Whether you are planning to start your own computer service and repair shop, have already hung out your shingle, or you have doubts and or concerns about how to best run your business, this book will get you started in the right direction. Most of the questions I needed answered were presented by Rosenthal in well though out prose, written from the perspective of a person who has lived the life of a computer service and repair professional.
As good as "Start Your Own Computer Business: The Unembellished Guide" is though, it is relatively small book, checking in at only 160 pages. And while Morris does not embellish the truth, such as his views on spending money and time on the much ballyhooed computer industry credentials, stating: "You're going to need all the cash you can get your hands on. Don't waste it on pieces of paper nobody will read to frame and stick on the wall. That's a game for people who want to be somebody else's employee..." I would have appreciated more in-depth information then he chose to deliver on some subjects.
More information on marketing the business would have been useful for instance; as it is, the book only skims the surface, not offering any concrete strategy for how to market a computer services and repair business. Here, his real-world experience would have proved invaluable; as it is very little outside of how to sell yourself and your services to customers, is touched upon. Marketing in my estimation involves a lot more then that.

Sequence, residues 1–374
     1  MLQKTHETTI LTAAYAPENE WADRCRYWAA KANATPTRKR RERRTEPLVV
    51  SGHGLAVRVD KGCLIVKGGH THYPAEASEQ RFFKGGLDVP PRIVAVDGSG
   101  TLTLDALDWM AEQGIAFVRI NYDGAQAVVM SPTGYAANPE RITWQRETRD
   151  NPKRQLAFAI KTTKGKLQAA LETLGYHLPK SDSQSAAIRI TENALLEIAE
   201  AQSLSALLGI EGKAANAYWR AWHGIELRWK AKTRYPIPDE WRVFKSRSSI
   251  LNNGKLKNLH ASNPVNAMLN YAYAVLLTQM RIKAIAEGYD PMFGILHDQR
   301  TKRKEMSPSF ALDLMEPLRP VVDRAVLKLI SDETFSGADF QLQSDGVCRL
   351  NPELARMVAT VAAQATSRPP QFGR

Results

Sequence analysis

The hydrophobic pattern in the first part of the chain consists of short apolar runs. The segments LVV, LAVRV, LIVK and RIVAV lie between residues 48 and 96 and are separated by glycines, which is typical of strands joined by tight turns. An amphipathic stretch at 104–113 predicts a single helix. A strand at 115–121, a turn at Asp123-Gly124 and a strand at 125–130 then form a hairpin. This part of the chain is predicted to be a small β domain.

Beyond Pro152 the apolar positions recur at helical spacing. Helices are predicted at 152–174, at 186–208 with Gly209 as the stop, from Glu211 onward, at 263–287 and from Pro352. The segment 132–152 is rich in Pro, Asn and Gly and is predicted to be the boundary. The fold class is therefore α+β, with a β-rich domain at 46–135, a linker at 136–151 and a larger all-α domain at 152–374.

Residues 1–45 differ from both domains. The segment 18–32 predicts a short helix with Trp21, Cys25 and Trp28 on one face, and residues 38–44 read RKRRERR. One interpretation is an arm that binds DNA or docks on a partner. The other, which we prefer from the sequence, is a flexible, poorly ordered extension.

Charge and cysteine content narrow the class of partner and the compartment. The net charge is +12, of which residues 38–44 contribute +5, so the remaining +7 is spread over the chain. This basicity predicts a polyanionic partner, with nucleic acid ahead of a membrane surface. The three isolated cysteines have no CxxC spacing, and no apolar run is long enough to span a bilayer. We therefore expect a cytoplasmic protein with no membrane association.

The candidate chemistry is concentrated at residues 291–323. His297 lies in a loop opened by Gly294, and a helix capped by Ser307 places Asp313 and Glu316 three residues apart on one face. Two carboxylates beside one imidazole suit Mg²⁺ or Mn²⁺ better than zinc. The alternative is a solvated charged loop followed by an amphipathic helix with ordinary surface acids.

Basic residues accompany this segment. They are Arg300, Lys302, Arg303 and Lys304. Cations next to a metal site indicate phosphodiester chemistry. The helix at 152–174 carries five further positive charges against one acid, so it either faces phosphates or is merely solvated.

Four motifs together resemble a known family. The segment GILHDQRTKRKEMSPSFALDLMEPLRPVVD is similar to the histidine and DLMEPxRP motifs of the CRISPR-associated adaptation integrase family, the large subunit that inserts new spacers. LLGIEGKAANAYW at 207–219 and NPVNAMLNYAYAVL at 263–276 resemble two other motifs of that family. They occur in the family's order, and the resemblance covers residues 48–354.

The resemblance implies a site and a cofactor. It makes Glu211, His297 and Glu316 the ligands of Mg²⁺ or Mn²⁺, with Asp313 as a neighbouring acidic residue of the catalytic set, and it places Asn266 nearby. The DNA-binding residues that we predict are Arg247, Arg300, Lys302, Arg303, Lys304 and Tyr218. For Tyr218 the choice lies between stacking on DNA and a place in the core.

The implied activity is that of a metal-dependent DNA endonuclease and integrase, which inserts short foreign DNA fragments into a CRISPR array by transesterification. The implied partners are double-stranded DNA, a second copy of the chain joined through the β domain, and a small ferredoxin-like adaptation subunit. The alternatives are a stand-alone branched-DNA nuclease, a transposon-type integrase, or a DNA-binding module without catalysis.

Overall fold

I did however find Rosenthal's advice and insights on working from the home very useful. He starts out the chapter (Infrastructure), thusly: "Looking back over a lifetime of handing out unsolicited advise, I think the worse steer I ever gave somebody was pushing a friend with whom I'd built a successful small computer company (over a million dollars a year sales) to move out of his house and into commercial space...[T]he biggest single expanse a computer business is likely to generate, after employee salaries, is renting commercial space."